Why not simply be honest and say, "I do not fully comprehend your unpleasant experiences because I myself have never experienced it?"

This would be a step in the right direction.


Naz - Homeless In PA
Registered user
Another Palo Alto neighborhood
on Apr 19, 2021 at 9:58 am
Naz - Homeless In PA, Another Palo Alto neighborhood
Registered user
on Apr 19, 2021 at 9:58 am

√ No one can walk in another person's shoes nor fully comprehend the actual experiences endured of suffered from.

This is very true and it also applies to certain individuals with a contempt and hatred for the homeless...especially the poster who continually rants about RVs in Palo Alto.


Irma Rothstein
Registered user
another community
on Apr 20, 2021 at 7:41 am
Irma Rothstein, another community
Registered user
on Apr 20, 2021 at 7:41 am

[Post removed due to same poster using multiple names]


Alvin Chow
Registered user
University South
on Apr 20, 2021 at 4:25 pm
Alvin Chow, University South
Registered user
on Apr 20, 2021 at 4:25 pm

[Post removed due to same poster using multiple names]


Reality Bytes
Registered user
Old Palo Alto
on Apr 22, 2021 at 8:09 am
Reality Bytes, Old Palo Alto
Registered user
on Apr 22, 2021 at 8:09 am

In order to broaden further awareness of this issue, the Anti-Hate Asian movement needs a dynamic spokesperson of Asian descent similar to the African Americans with Dr. Martin Luther King, Rev. Jesse Jackson, the Reverend Al Sharpton, Mohammed Ali and other impactful outspoken leaders.

Being a "quiet minority" this particular strategy poses a potential challenge as there are relatively few truly dynamic Asian leaders and speakers who can effectively capture both mass media and nationwide audience attention.

An African American colleague once mentioned that 'go big or go home' is the most effective manner in which to get a critical point across and we have witnessed this strategy used successfully with the BLM movement.


tika motumbe
Registered user
Stanford
on Apr 23, 2021 at 9:51 am
tika motumbe, Stanford
Registered user
on Apr 23, 2021 at 9:51 am

[Post removed due to same poster using multiple names]


kimberly wayne
Registered user
another community
on Apr 23, 2021 at 2:46 pm
kimberly wayne, another community
Registered user
on Apr 23, 2021 at 2:46 pm

[Post removed due to same poster using multiple names]


Sharon Billings
Registered user
Duveneck/St. Francis
on Apr 23, 2021 at 4:41 pm
Sharon Billings, Duveneck/St. Francis
Registered user
on Apr 23, 2021 at 4:41 pm

[Post removed due to same poster using multiple names]


Jerry Underdal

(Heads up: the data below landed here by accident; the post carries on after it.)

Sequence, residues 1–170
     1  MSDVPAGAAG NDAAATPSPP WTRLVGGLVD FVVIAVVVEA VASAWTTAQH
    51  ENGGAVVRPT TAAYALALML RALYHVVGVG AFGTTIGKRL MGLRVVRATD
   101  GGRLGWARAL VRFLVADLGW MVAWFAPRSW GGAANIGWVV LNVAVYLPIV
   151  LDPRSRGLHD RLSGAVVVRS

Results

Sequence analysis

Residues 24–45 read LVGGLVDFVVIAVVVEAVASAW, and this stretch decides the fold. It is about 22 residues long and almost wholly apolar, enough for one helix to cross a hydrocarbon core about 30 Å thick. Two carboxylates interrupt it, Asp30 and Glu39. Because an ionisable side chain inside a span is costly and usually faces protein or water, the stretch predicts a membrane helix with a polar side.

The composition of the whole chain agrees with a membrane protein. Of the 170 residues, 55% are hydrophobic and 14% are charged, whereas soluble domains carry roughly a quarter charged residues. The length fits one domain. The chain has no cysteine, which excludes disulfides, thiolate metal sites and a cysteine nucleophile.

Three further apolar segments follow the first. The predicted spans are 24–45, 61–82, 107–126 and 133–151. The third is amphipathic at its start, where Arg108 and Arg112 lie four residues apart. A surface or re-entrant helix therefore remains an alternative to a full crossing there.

Registered user
Barron Park
on Apr 23, 2021 at 11:57 pm
Jerry Underdal, Barron Park
Registered user
on Apr 23, 2021 at 11:57 pm

To argue that the anti-Asian hate movement needs charismatic speakers with star power ignores the success the movement is having at this moment. Regular Asian-Americans and their allies have been speaking out and organizing and gathering support from others who bear the burden of being racially marginalized in a historically white-dominated society. And they're being heard. Yesterday the Senate voted 94-1 in favor of an anti-Asian hate crimes bill. Leadership takes many forms.

There has been a lot of support for the goals of the Black Lives Matter movement for racial justice among Asian-Americans, LatinX, indigenous and white majority Americans over the past year. It's encouraging to see that support flowing now from those diverse racial groups in support of the anti-Asian hate movement. In unity there is strength.


Archie Redmond
Registered user
Woodland Ave. area (East Palo Alto)
on Apr 24, 2021 at 9:03 am
Archie Redmond, Woodland Ave. area (East Palo Alto)
Registered user
on Apr 24, 2021 at 9:03 am

- Regular Asian-Americans and their allies have been speaking out and organizing and gathering support from others who bear the burden of being racially marginalized in a historically white-dominated society.

∆ Then following in the footsteps of their African American civil rights predecessors, perhaps it is time for the predominantly Asian churches in America to get even more vocal and political by enlisting their various religious leaders (i.e. ministers and priests) speak up more vociferously and publically in condemning hate crimes towards Asians.

On a local level, the Wesley Methodist Church and Buddhist temple in San Jose could take this route as could the Buddhist temples in Palo Alto and Mountain View along with the Aldersgate United Methodist Church which is also situated in Palo Alto.

Or request that the Reverend Al Sharpton fly-in on his private jet to speak on their behalf as people listen when he speaks.

Obsequiousness only leads to further harassments and the anti-hate laws must be fully enforced in order to be effective.

And all of this remains to be seen given that it once took the Civil Rights Act of 1964 to ensure presumed constitutional rights and even then, the law was violated by law enforcement, employers, and various hate groups.


Jerry Underdal
Registered user
Barron Park
on Apr 24, 2021 at 4:31 pm
Jerry Underdal, Barron Park
Registered user
on Apr 24, 2021 at 4:31 pm

There's a lot to what you say. The Black Power Movement provided a template for the Chicano Movement (LatinX) and the Red Power (Native American) Movement a half century ago.

The rise in White Nativism that thrusts all who look "Asian" into the category of "other" and treats them as such, regardless of the widely different cultures and economic circumstances they represent, may have the effect of creating a politically relevant Asian-American identity, existing side by side with identities associated with particular cultures and countries of origin. If that happens, we're likely to see Asian-American leaders, including religious leaders, respond accordingly to secure rights guaranteed to all citizens by the Constitution. Some of that may draw on the Black Power experience, but it'll be unpredictably different and identifiably Asian if it does.